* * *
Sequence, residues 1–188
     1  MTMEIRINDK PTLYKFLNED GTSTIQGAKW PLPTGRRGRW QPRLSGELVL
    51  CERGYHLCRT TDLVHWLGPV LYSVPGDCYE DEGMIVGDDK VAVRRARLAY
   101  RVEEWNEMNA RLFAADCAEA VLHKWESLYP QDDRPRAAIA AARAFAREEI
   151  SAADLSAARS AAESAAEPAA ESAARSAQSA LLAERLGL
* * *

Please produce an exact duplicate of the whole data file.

Sequence, residues 1–188
     1  MTMEIRINDK PTLYKFLNED GTSTIQGAKW PLPTGRRGRW QPRLSGELVL
    51  CERGYHLCRT TDLVHWLGPV LYSVPGDCYE DEGMIVGDDK VAVRRARLAY
   101  RVEEWNEMNA RLFAADCAEA VLHKWESLYP QDDRPRAAIA AARAFAREEI
   151  SAADLSAARS AAESAAEPAA ESAARSAQSA LLAERLGL